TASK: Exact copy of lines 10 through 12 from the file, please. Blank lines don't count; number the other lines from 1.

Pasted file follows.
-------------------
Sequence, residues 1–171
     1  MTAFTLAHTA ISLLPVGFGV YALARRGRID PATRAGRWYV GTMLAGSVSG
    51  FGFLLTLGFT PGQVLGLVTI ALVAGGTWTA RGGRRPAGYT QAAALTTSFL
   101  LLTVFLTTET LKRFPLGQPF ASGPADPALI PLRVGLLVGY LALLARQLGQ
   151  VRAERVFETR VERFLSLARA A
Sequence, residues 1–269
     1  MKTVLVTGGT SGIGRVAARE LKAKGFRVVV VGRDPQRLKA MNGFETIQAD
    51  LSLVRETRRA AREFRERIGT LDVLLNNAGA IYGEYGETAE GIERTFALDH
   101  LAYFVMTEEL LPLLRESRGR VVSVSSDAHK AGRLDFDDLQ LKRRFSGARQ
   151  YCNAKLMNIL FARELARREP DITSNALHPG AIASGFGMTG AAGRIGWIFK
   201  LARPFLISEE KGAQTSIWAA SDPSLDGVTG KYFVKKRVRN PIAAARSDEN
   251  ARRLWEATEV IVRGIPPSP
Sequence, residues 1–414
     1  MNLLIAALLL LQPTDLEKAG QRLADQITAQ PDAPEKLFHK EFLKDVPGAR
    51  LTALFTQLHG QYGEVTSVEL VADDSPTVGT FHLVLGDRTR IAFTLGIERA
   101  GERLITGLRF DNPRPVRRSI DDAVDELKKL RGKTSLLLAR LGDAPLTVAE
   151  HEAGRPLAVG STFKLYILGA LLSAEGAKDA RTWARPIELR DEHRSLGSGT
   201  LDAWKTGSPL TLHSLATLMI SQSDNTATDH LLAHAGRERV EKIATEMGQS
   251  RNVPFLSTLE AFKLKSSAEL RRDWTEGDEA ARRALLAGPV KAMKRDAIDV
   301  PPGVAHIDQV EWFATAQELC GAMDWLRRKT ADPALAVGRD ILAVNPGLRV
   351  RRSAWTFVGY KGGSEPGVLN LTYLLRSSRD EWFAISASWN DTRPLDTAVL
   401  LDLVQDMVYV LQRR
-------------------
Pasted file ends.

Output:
   151  YCNAKLMNIL FARELARREP DITSNALHPG AIASGFGMTG AAGRIGWIFK
   201  LARPFLISEE KGAQTSIWAA SDPSLDGVTG KYFVKKRVRN PIAAARSDEN
   251  ARRLWEATEV IVRGIPPSP